Hurray for the Olympic spirit! You seem like a perfectly sensible choice to head a billion-dollar effort to welcome the world to Tokyo, Mr. Mori!

==========================================

Here are some Japanese articles with the original quotes:

森元首相 リード組に「五輪出場の実力はなかったが…」
「負けると分かっていた」 講演する森元首相
講演する、東京五輪・パラリンピック組織委員会会長の森元首相
Photo By 共同
http://www.sponichi.co.jp/sports/news/2014/02/20/kiji/K20140220007629530.html
[ 2014年2月20日 17:05 ]

東京五輪・パラリンピック組織委員会会長の森喜朗元首相は20日、福岡市での講演で、ソチ五輪・フィギュアスケート団体について「負けると分かっていた。浅田真央選手を出して恥をかかせることはなかった」と述べた。

また、フィギュアスケート・アイスダンスのキャシー・リード、クリス・リード組について「米国に住んでいる。(米国代表として)五輪出場の実力はなかったが、帰化させて日本選手団として出した」と語った。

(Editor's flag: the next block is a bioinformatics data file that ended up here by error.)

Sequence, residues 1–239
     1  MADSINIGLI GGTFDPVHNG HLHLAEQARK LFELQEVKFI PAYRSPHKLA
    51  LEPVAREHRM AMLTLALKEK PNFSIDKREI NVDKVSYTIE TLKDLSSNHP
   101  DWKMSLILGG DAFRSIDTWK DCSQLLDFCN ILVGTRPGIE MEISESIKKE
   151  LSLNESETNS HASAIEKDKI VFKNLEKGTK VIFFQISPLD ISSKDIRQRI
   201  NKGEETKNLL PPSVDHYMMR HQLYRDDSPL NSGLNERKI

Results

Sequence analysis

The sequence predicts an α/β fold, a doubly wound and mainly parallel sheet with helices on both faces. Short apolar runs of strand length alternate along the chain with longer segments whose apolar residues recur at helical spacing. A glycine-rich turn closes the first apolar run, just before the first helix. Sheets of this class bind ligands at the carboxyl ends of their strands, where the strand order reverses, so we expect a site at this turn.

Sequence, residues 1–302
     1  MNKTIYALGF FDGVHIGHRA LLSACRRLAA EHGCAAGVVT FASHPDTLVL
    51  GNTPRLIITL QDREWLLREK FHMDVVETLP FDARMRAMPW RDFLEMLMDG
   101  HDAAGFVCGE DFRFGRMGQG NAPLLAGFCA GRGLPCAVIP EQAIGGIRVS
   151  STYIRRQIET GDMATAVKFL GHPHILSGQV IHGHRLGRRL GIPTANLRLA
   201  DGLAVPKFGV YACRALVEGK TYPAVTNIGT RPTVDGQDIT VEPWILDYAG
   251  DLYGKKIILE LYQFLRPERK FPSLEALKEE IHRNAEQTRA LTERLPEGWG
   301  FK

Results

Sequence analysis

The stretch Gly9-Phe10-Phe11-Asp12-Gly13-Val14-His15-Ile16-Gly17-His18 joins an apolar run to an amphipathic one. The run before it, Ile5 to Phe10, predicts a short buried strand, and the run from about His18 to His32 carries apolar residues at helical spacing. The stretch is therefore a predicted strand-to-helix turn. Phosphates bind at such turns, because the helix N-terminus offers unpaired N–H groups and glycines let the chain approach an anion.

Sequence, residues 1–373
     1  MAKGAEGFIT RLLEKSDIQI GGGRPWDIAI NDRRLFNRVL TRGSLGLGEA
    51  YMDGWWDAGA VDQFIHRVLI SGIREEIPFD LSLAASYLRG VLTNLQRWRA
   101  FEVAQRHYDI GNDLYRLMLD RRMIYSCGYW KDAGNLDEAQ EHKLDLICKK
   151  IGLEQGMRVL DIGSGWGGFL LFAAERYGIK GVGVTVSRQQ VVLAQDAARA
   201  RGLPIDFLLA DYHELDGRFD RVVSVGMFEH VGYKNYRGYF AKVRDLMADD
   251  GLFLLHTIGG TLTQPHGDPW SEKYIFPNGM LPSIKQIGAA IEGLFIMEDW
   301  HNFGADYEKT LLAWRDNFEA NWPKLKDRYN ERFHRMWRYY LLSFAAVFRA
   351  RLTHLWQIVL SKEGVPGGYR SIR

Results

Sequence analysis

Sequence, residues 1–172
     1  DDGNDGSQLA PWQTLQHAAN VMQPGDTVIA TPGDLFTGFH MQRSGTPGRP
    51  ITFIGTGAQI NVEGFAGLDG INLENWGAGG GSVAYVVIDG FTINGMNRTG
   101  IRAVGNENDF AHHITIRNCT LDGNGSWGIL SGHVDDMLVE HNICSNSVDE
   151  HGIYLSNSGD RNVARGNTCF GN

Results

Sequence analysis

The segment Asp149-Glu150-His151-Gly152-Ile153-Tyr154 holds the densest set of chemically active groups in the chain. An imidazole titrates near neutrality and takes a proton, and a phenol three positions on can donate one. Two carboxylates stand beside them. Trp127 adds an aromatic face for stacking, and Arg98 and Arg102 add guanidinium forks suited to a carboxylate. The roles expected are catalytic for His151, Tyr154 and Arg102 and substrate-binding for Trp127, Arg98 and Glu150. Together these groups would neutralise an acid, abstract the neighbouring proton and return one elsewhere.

浅田が団体でトリプルアクセル(3回転半ジャンプ)を成功させれば、アイスダンスの劣勢を盛り返し、銅メダルを獲得できるとの期待が日本チームにあったとの見方を強調。「(団体戦で)転んだ心の傷が残っているから(SPで)転んではいけないとの気持ちが強く出たのだろう」との同情も示した。

=====================

森元首相の真央らへの発言要旨
日刊スポーツ [2014年2月20日19時20分]
http://www.nikkansports.com/general/news/f-gn-tp0-20140220-1260348.html

森喜朗元首相は20日、福岡市での講演で、ソチ五輪フィギュアスケート団体について「負けると分かっていた。浅田真央選手を出して恥をかかせることはなかった」と述べた。さらに女子ショートプログラム(SP)で16位だった浅田選手を「見事にひっくり返った。あの子、大事なときには必ず転ぶ」などと評した。

森喜朗元首相の講演でのフィギュアスケートに関する発言要旨は次の通り。

頑張ってくれと見ていましたけど(浅田)真央ちゃん、(ショートプログラムで)見事にひっくり返りました。あの子、大事なときには必ず転ぶんですね。

日本は団体戦に出なければよかった。アイスダンスは日本にできる人がいない。(キャシー・リード、クリス・リードの)きょうだいはアメリカに住んでいるんですよ。(米国代表として)オリンピックに出る実力がなかったから、帰化させて日本の選手団として出している。

浅田さんが(団体戦に)出れば、3回転半をできる女性はいないから、成功すれば3位になれるかもとの淡い気持ちで出した。それで、見事にひっくり返ってしまった。

その傷が残っていたとすれば、ものすごくかわいそうな話。負けると分かっている団体戦に、浅田さんを出して恥をかかせることはなかった。

転んだ心の傷が残っているから、自分の本番の時には、何としても転んではいけないとの気持ちが強く出たのだと思いますね。勢いが強すぎて転んでしまいました。(共同)

=====================

See also http://sankei.jp.msn.com/smp/sochi2014/news/140220/soc14022019180058-s.htm

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Japan Sports Pressure and Shortened Lifespans